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Obamacare Market

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Can anyone explain what happened in the Obamacare betting market over the past 24 hours?  Why did it fall from near 70, close at 35.1, then rebound to 65.1?

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COMMENTS (19 to date)
razib writes:

i'm curious too. but this isn't the only time it's been volatile, during the health care summit it jumped up to 90 for an hour or so before drifting back down.

Ted writes:

Probably just like the stock market - sometimes things have nothing to do with fundamentals.

NathanM writes:

The fees InTrade charges (a minimum of 10% and maximum of 15% per trade, plus fees for withdrawing money) are so high that someone interested in trading only to maximize profits will avoid InTrade unless the InTrade price is extremely out of whack with the fundamentals of the contract.

So, as one would expect, InTrade has extremely low trade volumes (for example, 608 trades on that contract today, which is considerably higher than the mean). So it is cheap for someone who isn't interested in making money to manipulate InTrade, and I am left wondering why anyone cares about InTrade. Price fluctuations in a market with such high transaction fees are unlikely to mean very much.

razib writes:

nathan, do you think intrade offers any value in relation to pundits? for example, megan mcardle, who isn't a partisan hack, recently implied that there's almost zero chance that the democrats would keep the house this fall. that seems too low of a probability and way too certain. intrade has been around 50/50, which seems to mean "no idea."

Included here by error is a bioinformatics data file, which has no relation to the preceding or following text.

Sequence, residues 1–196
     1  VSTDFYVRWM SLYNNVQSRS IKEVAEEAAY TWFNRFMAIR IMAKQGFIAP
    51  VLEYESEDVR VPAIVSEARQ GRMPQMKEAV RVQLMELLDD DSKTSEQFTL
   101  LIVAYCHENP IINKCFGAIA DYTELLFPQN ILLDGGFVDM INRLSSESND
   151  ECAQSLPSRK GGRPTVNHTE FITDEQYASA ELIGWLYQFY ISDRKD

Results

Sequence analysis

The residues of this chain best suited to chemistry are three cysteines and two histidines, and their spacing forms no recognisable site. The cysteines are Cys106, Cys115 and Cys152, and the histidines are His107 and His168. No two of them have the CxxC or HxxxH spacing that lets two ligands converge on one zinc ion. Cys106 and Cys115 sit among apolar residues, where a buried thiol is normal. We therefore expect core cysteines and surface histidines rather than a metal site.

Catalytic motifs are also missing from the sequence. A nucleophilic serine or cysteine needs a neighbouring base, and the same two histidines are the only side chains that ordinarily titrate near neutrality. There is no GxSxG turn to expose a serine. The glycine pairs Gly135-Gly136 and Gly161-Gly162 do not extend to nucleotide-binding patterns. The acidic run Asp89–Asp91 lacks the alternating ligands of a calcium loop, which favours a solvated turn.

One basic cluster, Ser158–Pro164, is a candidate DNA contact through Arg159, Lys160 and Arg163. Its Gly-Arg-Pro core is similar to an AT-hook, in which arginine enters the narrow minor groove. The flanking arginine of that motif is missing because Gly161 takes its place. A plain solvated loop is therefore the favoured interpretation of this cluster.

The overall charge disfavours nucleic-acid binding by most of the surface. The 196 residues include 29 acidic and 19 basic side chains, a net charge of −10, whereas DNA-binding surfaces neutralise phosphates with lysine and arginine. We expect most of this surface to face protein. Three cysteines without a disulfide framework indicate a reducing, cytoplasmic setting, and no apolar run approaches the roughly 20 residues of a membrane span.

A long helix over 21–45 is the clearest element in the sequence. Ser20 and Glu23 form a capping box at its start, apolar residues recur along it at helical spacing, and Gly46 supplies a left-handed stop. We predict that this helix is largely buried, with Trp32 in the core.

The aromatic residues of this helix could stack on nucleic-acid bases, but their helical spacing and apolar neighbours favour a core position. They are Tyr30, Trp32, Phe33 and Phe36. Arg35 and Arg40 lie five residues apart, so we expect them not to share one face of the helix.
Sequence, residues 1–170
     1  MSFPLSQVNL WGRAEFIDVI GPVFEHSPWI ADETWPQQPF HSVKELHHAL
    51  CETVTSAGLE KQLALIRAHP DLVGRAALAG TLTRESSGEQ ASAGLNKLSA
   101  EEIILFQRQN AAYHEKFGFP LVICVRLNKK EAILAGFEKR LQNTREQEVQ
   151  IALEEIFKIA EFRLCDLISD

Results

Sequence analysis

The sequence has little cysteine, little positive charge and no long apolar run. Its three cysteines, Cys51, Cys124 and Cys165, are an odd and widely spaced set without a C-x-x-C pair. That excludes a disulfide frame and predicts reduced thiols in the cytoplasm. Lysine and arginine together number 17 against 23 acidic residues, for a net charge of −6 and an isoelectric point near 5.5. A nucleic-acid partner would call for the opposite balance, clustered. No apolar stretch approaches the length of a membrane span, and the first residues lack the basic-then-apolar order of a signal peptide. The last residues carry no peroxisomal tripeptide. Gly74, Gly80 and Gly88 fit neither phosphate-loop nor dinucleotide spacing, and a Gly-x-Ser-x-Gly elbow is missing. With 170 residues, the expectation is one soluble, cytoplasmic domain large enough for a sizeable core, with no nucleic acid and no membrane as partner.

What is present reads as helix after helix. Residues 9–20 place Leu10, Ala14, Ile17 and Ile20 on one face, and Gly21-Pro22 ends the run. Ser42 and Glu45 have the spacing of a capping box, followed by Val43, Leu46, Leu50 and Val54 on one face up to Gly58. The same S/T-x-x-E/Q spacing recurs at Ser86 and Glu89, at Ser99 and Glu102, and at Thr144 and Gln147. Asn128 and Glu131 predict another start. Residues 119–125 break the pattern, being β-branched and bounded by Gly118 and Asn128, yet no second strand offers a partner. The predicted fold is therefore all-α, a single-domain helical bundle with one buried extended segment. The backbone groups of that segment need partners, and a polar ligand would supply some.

Eri Culver writes:

The reason that the Obamacare betting market rebounded to 65.1 is because of Rep. Dennis Kucinich, D-Ohio.

Although he was against the health care bill, he had four meetings with President Obama to discuss it. He then switched his position and announced his intention to support it. The key defection from the opposition greatly improves the chances for the bill's passage.

Peter Twieg writes:

Yep, from what I gather a single trader managed to manipulate the market so it closed yesterday at 35.

NathanM writes:

@razib I wouldn't say InTrade is completely valueless, as McArdle's extreme prediction seems to be. I just keep in mind that so long as the InTrade price is within plus or minus 10-15 cents of the "correct" value, then even someone who knew the true odds and had a way to risklessly arbitrage wouldn't be interested in InTrade.

So, basically, the long term InTrade price is set within a very broad range by people who (a) don't understand how the market they are trading in works or (b) don't care if they lose money.

As for the short term price, the volume is so thin, and the reason people would game the market is so obvious, I don't think drastic shifts require any explanation.

Matthew Gunn writes:

This is actually an instance of a classic question... do asset prices have downward sloping demand? (Most theory says they should be flat.)

Empirically though, the general answer appears to be that if there are limits to arbitrage, crazy things can happen.

In this case, people that normally act as market makers probably didn't have enough money or time to keep the price up. One guy probably came in at the end of the day and bought up the whole ask order book.

Completely crazy things can happen in ACTUAL financial markets too when arbitrage arguments break down!
is a classic and troubling paper on the topic. Worth a read to anyone who hasn't seen it already.